Mike Noer walked the factory floor at textile manufacturer Airtex Group and pointed toward a new production line.
The machines cut and pleated a black roll of cotton fabric into face masks, kicking out up to 1,200 per hour. “None of this existed just weeks ago,” he said.
Airtex’s northeast Minneapolis factory, historically a cut-and-sew shop for high-end linen draperies and other home products, added mask-making soon after COVID-19 struck.
Workers started crafting masks by hand, as they do other products at the plant. But to be competitive in the suddenly surging mask market, Airtex invested about $500,000 in new machinery to automate the process.
“It has been a pretty interesting and exciting pivot for us,” said Noer, Airtex Group’s president. “What we are trying to do is to have globally competitive costs, but with a product made in the U.S. That is no easy task.”
Coronavirus has sparked a boom in personal protective equipment (PPE) production, with apparel and textile companies across the country — from small shops to major fashion brands — moving into masks.
The market has gotten a boost as public health researchers increasingly see masks as important in containing COVID-19. Plus, roughly 30 states have implemented some sort of order requiring masks to be worn in public.
Gov. Tim Walz’s decree for Minnesotans to be masked in stores, workplaces and restaurants went into effect last week. On Thursday, Wisconsin Gov. Tony Evers issued a mask mandate as the virus surged in his state.
Airtex jumped into making PPE in April when it began producing hand-sewn masks and nonsurgical gowns. The company’s core competencies suited the transition.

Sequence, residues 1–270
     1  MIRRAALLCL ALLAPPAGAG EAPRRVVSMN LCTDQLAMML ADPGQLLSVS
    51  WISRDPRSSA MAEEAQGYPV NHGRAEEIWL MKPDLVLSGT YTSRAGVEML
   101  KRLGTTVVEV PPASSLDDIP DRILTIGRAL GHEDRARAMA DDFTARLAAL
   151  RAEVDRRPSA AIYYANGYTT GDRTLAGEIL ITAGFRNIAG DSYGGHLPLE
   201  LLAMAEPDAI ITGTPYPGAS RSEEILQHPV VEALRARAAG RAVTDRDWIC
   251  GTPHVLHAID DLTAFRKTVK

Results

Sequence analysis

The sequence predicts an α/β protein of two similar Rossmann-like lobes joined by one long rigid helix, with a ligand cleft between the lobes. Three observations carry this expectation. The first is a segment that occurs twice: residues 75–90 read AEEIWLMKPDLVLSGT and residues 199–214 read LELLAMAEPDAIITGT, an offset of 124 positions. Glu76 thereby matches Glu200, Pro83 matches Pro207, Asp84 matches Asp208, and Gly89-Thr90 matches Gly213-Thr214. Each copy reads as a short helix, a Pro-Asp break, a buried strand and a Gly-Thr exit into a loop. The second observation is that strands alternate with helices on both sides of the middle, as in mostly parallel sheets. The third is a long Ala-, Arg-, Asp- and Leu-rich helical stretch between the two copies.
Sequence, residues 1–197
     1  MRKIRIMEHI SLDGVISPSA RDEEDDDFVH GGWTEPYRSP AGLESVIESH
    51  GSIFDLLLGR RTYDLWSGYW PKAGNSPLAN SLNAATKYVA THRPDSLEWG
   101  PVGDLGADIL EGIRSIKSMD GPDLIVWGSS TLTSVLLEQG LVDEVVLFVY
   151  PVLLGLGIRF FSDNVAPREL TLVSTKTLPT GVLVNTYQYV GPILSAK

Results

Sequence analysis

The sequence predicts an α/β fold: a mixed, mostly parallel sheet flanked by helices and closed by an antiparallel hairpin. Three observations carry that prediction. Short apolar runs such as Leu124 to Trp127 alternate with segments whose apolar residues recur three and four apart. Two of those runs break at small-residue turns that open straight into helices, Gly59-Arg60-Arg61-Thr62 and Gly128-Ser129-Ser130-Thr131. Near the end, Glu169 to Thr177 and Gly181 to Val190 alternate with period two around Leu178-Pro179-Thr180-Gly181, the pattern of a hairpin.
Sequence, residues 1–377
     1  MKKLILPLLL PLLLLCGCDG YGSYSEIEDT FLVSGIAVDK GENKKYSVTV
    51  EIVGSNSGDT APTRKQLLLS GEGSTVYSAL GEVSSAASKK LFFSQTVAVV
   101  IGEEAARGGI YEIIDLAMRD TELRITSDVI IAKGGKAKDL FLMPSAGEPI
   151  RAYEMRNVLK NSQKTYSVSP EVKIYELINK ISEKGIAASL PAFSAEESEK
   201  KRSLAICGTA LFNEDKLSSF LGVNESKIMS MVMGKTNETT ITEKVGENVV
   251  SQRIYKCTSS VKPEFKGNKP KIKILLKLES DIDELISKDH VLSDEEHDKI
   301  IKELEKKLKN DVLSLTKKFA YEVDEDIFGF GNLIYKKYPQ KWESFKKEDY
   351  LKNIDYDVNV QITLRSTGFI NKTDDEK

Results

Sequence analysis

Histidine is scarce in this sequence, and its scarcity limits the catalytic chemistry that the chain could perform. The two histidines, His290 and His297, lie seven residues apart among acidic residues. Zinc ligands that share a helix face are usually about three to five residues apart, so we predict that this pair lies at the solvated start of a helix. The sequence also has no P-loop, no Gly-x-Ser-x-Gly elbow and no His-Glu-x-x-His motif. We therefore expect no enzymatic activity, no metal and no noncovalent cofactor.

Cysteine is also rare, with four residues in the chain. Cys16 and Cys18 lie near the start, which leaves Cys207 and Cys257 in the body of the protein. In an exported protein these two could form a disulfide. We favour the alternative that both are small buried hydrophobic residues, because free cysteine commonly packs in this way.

Its roots go back 102 years to the founding of Miller Bag Co., a maker of burlap bags for Minneapolis’ bustling flour industry and other agricultural and industrial customers. Later, Miller Bag would make grass-catcher bags for Toro lawn mowers.
Overseas competition and a move to paper bags diminished the business over the years. In 2000, Mike Miller, grandson of the company’s founder, merged Miller Bag with Airtex Design Group, a Minneapolis manufacturer of high-end home textiles.
Draperies, throws, pillows and other home products — many of them destined for Restoration Hardware stores — remain a staple. Airtex’s Minneapolis shop floor buzzes with workers from 12 nations stitching linens from Belgium and Italy. The company employs 75 people, almost solely in Minnesota, adding 10 workers this year.
Not only has mask-making taken off, but Airtex’s traditional business has been strong as cooped-up homeowners look to spruce up their digs. Airtex’s revenue has grown at a double digit pace in the last three years, and the company’s annual sales now range from $20 million to $30 million.
The synthetic gowns made by Airtex are still sewn by hand, as are more customized masks. But masks are primarily made on an assembly line inaugurated last month with the first of two new fabric-cutting machines. The second was fired up last week.
The mass production runs currently feature basic black. “That is the fabric we could get when we got the machines running,” Noer said. But Airtex plans other colors in all sorts of styles and prints from its in-house design team.
Airtex primarily sells masks to businesses and governments, though it also markets directly to consumers online under its “Acme Made” brand. Noer, who worked for over 20 years as an executive in various companies including Imation, set out on his own in 2015 and bought the Acme Made brand. He then merged his business with Airtex in 2017. (Miller is Airtex’s CEO).
Airtex sells Acme Made backpacks, bags and laptop sleeves produced by contract manufacturers in Vietnam, Cambodia and India. If Airtex wins particularly large mask bids for commercial clients, it may farm out some production to its manufacturing partners in Asia, Noer said.
Competition in the mask market is already intense. “You can go out to search at any retailer or on Amazon and it is already a race to the bottom from a price perspective,” Noer said.
But Noer believes Airtex has a high-quality product and the mask market has legs — otherwise the company wouldn’t have made such a large capital investment.
The question, of course, is how long does COVID-19 thrive before a vaccination is discovered?
And even when it is found, will some Americans continue wearing masks, as occurred in Asian countries after the spread of earlier vicious viruses?
“It will be a longer-term market,” Noer said. “Even if there is solution to COVID in the next year, there will probably be demand for masks for a while.”